(BIVN) – The eruption at Kīlauea is showing reduced activity over the past day, scientists say, as lava remains confined to the summit area within Hawaiʻi Volcanoes National Park.
The USGS Hawaiian Volcano Observatory reported on Sunday that the eruption at Halema‘uma‘u crater continues “with reduced vigor”. Deflationary tilt began Saturday evening around 9 p.m. and continues this morning, scientists added.
Aside from the decrease in activity, the latest update is similar to other recent USGS reports. From the HVO:
Activity Summary: Kīlauea volcano is erupting from a single vent in the western wall of Halemaʻumaʻu crater. The lava lake remains active in the western portion of the crater, with reduced activity over the past day. All recent lava activity remains confined within Halemaʻumaʻu crater in Hawai‘i Volcanoes National Park.
Summit Observations: The eruption of lava continues from the western vent in Halema‘uma‘u crater, with reduced vigor over the past day. Deflationary tilt began yesterday evening around 9 p.m. and continues this morning. Earthquake activity remains below background. The most recent measurement of sulfur dioxide (SO2) emission rate on December 9, 2021, was approximately 3500 tonnes per day.
Halemaʻumaʻu Lava Lake Observations: Lava continues to erupt from a single vent in the western wall of Halemaʻumaʻu crater, supplying lava into the lava lake that is contained within the western portion of the crater. Lake activity has decreased significantly over the past day, associated with deflationary tilt and reduced seismic tremor, similar to the events preceding the brief pause last week. Spattering continues within a small lava pond at the vent, and sporadic ooze-outs of lava are present along the solidified lake margins. The lake has seen a total increase of about 65 meters (213 ft) since lava emerged on September 29. The total erupted volume since the beginning of the eruption was estimated to be about 30 million cubic meters (7.8 billion gallons) on November 16.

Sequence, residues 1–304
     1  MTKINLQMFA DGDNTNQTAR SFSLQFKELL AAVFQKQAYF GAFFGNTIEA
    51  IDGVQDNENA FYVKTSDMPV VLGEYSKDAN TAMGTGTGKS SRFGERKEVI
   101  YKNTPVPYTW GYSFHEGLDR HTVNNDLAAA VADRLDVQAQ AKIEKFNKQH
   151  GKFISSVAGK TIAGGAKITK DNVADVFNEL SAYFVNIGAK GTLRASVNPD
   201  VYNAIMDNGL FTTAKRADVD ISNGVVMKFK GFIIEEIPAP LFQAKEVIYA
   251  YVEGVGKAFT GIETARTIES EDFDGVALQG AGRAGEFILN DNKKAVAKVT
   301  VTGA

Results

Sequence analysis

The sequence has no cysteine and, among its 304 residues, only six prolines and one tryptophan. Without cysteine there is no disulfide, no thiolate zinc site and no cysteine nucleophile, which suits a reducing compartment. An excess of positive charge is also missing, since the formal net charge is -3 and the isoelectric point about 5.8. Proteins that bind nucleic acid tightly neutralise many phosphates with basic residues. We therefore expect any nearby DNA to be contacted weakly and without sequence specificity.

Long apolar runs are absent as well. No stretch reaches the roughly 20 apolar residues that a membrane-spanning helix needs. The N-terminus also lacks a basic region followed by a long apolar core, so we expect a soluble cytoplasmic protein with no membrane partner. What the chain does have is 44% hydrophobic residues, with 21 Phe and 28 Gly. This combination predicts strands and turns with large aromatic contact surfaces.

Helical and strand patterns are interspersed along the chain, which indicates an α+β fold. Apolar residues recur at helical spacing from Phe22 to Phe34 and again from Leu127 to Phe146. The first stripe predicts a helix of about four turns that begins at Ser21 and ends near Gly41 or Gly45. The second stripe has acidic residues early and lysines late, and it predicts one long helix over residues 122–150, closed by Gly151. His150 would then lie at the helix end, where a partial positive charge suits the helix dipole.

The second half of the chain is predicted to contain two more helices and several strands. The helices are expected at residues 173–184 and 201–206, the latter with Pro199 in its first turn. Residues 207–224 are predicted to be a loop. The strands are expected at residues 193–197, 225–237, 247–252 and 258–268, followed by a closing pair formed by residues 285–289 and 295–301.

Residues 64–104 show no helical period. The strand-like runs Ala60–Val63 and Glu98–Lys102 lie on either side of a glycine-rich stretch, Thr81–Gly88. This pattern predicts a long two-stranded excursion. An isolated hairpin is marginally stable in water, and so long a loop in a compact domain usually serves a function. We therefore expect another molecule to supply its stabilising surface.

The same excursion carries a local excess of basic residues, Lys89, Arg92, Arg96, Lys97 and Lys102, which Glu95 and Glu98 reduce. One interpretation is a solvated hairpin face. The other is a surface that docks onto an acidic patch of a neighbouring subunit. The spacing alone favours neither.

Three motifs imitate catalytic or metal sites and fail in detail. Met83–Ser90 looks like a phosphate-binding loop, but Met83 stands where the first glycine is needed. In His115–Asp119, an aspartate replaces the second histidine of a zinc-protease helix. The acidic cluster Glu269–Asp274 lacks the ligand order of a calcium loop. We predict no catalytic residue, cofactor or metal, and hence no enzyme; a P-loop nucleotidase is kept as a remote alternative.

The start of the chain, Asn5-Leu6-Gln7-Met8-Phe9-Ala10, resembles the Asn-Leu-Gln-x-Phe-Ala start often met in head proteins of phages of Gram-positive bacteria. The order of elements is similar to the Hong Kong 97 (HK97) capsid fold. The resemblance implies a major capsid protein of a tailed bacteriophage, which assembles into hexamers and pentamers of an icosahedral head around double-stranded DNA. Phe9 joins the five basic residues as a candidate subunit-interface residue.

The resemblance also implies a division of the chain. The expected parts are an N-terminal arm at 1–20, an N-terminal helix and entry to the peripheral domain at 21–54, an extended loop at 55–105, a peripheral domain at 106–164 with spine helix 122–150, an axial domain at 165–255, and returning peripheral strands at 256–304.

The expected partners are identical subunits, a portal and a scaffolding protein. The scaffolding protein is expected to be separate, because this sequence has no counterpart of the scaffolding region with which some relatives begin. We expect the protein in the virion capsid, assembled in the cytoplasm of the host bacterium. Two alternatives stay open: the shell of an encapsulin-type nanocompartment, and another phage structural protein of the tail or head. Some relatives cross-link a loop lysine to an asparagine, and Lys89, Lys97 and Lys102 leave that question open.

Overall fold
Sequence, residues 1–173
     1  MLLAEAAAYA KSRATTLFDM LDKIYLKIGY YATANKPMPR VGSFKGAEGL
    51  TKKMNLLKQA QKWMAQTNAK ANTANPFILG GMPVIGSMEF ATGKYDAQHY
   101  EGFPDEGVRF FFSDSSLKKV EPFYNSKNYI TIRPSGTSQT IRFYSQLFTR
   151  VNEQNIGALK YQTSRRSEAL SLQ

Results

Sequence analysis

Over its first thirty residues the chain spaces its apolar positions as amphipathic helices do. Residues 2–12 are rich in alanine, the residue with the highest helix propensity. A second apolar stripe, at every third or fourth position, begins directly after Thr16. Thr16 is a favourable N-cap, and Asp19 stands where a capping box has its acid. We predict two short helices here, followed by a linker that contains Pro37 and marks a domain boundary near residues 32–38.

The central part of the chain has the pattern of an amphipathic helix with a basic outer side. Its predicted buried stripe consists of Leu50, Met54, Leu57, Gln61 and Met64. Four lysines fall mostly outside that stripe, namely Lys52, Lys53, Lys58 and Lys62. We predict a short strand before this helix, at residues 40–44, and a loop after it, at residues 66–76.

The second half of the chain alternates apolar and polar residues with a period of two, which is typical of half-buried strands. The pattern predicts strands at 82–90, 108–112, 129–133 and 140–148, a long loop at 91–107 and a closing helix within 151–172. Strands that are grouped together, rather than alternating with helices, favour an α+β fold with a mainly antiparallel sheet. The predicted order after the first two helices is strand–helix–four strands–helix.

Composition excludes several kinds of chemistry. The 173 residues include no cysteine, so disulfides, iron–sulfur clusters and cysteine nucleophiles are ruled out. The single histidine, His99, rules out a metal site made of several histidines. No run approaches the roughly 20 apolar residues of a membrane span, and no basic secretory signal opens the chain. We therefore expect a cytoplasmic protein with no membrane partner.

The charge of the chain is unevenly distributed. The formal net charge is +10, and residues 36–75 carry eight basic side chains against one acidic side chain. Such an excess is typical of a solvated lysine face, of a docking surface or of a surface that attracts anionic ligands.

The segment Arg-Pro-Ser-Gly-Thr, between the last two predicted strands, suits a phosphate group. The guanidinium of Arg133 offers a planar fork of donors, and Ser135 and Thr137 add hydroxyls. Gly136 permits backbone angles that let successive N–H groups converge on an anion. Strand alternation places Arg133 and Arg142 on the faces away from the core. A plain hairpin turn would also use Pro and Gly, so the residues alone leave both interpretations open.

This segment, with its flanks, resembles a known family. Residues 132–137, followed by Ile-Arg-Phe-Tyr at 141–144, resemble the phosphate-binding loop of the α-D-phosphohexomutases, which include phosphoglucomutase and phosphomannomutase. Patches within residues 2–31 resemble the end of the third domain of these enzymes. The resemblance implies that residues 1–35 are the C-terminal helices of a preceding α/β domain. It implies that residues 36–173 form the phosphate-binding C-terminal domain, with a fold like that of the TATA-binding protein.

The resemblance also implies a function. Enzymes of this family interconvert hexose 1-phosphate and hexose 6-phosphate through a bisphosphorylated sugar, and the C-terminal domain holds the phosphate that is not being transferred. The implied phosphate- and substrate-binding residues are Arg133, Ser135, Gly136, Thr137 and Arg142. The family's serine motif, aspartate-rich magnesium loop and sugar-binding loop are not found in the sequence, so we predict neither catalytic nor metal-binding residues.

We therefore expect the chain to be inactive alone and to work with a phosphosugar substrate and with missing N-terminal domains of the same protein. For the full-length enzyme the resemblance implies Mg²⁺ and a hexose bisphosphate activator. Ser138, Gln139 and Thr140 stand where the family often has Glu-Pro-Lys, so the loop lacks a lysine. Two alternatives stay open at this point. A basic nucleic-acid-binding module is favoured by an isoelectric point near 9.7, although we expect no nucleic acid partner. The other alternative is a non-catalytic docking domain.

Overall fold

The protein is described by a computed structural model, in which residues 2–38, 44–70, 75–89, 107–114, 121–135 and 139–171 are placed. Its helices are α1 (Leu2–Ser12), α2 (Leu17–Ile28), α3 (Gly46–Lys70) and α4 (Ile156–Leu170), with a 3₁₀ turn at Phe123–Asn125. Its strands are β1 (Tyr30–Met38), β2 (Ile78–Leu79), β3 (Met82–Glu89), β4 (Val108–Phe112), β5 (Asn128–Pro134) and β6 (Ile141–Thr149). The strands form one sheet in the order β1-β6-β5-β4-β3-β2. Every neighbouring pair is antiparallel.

East Rift Zone Observations: No unusual activity has been noted in the Kīlauea East Rift Zone. Low rates of ground deformation and seismicity continue along the rift zones. SO2 and hydrogen sulfide (H2S) emissions from Puʻuʻōʻō were below instrumental detection levels when last measured on January 7, 2021.
Hazard Analysis: This new eruption at Kīlauea’s summit is occurring within a closed area of Hawai’i Volcanoes National Park. Therefore, high levels of volcanic gas are the primary hazard of concern, as this hazard can have far-reaching effects down-wind. Large amounts of volcanic gas—primarily water vapor (H2O), carbon dioxide (CO2), and sulfur dioxide (SO2)—are continuously released during eruptions of Kīlauea Volcano. As SO2 is released from the summit, it reacts in the atmosphere to create the visible haze known as vog (volcanic smog) that has been observed downwind of Kīlauea. Vog creates the potential for airborne health hazards to residents and visitors, damages agricultural crops and other plants, and affects livestock. For more information on gas hazards at the summit of Kīlauea, please see (this website). Vog information can be found at vog.ivhhn.org.
Additional hazards include Pele’s hair and other lightweight volcanic glass fragments from the lava fountains that will fall downwind of the fissure vents and dust the ground within a few hundred meters (yards) of the vent (s). Strong winds may waft lighter particles to greater distances. Residents should minimize exposure to these volcanic particles, which can cause skin and eye irritation.
Other significant hazards also remain around Kīlauea caldera from Halemaʻumaʻu crater wall instability, ground cracking, and rockfalls that can be enhanced by earthquakes within the area closed to the public. This underscores the extremely hazardous nature of Kīlauea caldera rim surrounding Halemaʻumaʻu crater, an area that has been closed to the public since early 2008.